6. Grounding: Grounding your adolescent from all social activities outside of the home can be an effective consequence. An adolescent generally places high value on socializing with peers. If the grounding prevents her from attending football games, church parties, or hanging out at her best friend’s house for the weekend, the consequence may jolt her into action the next time she is tempted to neglect her responsibilities.

7. Paying Restitution: There are times when it is important to have your adolescent pay restitution. For instance, if she vandalizes the neighbor’s fence, don’t simply take away her cell phone for the day. Make her pay to repair the fence. She can earn this money by doing extra chores. Also, there may be times that there isn’t a clear victim that your youngster needs to pay restitution to. For instance, if you discover that she’s been speeding when borrowing your car, make her do some community service activities before she can borrow the car again. Assign a certain number of hours she must do to show that she can be responsible with completing her community service before you’ll turn over your keys again.

8. Practicing Tasks: Teens often try to get out of doing tasks by partially completing them. Moms and dads can teach their teens to complete tasks effectively - and in their entirety - by instructing them to practice washing dishes or vacuuming their rooms, for example, as often as possible. If your youngster is generally required to wash dishes once a day and has been doing a mediocre job just to spite you, offer her the opportunity to practice washing dishes appropriately twice a day for the duration of 1 week until she gets it right.

9. Removal of Privileges: In some cases, privacy is more of a privilege than a right. One teenager recalls when his mom and dad took his bedroom door off of the hinges because he slammed the door in their faces to express his anger. Such an act can remind your adolescent that he will have to use respectful words to express frustrations, especially if he has no door to slam.

10. Teaching Skills: Discipline needs to address not just behavior, but skill-deficits as well. For instance, if your 15-year-old prefers to sit in her bedroom and play video games by herself all the time, she may not be misbehaving – but she needs discipline. She may need to learn how to find new activities, develop friendships, and be responsible with chores. There are a lot of skills adolescents need in order to become healthy, responsible grown-ups. Moms and dads need to look for areas where their adolescent may be lacking and help her develop those skills so she can be successful when she lives independently.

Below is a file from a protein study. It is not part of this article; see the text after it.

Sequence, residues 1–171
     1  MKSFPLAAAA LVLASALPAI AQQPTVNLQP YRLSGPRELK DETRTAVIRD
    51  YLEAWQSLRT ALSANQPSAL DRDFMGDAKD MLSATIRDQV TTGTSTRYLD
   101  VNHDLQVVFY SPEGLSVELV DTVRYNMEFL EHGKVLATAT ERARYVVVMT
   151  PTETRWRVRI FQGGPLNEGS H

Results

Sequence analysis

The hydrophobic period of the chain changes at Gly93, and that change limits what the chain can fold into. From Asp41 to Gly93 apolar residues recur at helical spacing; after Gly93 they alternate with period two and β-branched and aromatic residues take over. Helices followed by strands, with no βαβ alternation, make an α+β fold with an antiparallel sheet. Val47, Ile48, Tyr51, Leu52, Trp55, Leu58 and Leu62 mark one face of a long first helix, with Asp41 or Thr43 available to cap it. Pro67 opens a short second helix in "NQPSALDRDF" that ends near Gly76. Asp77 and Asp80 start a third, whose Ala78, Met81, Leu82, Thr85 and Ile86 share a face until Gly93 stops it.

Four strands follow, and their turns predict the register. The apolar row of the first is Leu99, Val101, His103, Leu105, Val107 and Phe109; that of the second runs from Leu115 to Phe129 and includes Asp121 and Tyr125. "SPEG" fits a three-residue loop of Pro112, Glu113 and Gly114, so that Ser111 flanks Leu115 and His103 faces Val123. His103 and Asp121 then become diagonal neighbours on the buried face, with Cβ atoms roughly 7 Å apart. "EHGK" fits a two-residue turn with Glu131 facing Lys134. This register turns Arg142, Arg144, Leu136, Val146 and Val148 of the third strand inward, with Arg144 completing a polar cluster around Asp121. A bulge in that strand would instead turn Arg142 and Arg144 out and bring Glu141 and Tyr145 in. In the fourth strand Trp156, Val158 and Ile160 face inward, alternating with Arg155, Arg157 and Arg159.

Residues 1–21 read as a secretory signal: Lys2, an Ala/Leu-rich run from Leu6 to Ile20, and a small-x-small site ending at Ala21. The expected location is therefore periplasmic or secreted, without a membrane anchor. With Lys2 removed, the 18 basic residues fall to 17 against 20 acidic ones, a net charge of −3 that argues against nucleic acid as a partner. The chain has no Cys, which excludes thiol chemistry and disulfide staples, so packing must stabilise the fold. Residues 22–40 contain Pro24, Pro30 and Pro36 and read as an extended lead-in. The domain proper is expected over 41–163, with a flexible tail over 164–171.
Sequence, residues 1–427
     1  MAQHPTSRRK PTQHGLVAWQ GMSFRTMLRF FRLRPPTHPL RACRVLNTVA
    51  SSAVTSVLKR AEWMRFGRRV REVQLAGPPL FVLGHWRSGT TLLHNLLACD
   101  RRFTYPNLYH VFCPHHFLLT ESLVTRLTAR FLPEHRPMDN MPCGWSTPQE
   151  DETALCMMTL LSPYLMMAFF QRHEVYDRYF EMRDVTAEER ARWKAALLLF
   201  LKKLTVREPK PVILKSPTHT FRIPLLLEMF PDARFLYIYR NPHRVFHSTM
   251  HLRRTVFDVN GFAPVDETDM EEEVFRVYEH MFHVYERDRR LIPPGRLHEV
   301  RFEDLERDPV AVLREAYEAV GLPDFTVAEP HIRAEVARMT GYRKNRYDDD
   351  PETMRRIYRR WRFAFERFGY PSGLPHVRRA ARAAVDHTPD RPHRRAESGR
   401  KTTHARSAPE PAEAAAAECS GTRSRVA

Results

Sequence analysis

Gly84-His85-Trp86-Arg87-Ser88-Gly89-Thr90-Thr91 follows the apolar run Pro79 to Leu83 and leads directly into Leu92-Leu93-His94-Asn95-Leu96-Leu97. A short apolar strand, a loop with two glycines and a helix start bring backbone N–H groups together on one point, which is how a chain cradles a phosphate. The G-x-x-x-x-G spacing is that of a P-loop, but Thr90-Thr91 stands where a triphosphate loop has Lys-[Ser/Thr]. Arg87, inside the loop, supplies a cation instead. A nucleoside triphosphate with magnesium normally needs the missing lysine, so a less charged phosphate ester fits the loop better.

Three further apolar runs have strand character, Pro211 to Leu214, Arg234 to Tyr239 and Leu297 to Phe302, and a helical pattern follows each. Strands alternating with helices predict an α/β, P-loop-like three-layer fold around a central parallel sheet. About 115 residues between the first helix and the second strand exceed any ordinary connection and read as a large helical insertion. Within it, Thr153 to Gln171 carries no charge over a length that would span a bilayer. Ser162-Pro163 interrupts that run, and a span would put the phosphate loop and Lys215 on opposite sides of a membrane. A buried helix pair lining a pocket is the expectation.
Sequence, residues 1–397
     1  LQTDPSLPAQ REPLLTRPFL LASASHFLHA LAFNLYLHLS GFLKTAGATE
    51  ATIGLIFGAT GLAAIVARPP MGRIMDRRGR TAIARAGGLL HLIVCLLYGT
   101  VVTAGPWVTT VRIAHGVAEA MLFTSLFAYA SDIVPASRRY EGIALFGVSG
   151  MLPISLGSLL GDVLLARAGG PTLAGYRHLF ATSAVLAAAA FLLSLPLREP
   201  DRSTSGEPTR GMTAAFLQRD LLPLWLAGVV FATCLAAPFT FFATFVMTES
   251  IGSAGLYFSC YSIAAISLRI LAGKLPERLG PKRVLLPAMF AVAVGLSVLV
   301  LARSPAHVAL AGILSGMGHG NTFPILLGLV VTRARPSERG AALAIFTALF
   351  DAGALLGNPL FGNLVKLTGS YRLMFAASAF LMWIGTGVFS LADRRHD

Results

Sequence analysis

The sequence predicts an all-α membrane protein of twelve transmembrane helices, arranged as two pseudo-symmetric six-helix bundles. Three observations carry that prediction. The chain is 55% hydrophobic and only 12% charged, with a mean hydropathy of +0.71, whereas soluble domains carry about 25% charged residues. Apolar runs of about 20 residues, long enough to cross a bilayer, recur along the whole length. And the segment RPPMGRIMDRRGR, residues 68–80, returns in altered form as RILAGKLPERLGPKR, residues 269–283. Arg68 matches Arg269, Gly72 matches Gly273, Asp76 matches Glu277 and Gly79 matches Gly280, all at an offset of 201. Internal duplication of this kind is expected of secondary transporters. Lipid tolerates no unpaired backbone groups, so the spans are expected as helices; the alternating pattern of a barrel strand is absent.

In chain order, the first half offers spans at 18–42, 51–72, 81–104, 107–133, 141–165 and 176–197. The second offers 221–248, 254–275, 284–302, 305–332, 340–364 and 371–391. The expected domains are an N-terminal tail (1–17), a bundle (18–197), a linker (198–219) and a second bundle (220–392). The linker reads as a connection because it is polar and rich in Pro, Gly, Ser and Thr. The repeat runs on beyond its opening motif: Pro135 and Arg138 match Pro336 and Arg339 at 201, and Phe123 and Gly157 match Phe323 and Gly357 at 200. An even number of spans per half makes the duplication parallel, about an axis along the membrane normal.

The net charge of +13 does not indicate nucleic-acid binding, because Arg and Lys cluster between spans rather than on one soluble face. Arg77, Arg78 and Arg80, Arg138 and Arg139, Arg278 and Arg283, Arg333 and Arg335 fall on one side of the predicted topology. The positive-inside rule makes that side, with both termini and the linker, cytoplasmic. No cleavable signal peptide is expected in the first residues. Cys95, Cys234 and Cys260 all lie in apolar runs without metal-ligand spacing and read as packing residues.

In conclusion, consequences have to hurt to be effective. If you take away your youngster’s ability to watch TV, but she spends the evening watching Netflix movies on her iPhone, it isn’t an effective consequence. Choose a privilege that will really impact your adolescent, and help her to think twice before making the same mistake twice.

Active Listening: Best Parenting Practices for Raising Defiant Teens

Some behaviors of defiant teenagers are bids for attention, while others are expressions of frustration at not feeling understood. Moms and dads will be able to reduce problem behaviors when the adolescent feels genuinely cared about, understood, and paid attention to. The best way to accomplish this is through “active listening” – a simple, yet highly under-rated parenting strategy.

Active listening is hard work, and takes energy and practice. This is why most parents don’t do it (a BIG parenting mistake!). It can’t be done when thinking about - or attending to - other things, or when distractions occur. Active listening doesn’t have to last a long time, but attention must be focused completely on the adolescent, and the message must be communicated back to the adolescent in the parent’s own words in a way that lets the adolescent know he or she was really heard. Tone of voice, respect for personal space, facial expressions, eye contact, choices of words, and body language are all important in communicating the desired message. It may take a few attempts to really understand the message, but that is O.K. (as long as it is finally understood accurately).

To know how to really listen to your child, think about how you would want to be listened to. Greater communication brings greater parent-child bonding. Moms and dads listening to their teenagers helps build their self-esteem. It makes them feel worthy, appreciated, interesting and respected. When we as parents really listen to our children, we foster this skill in them by acting as a model for positive and effective communication.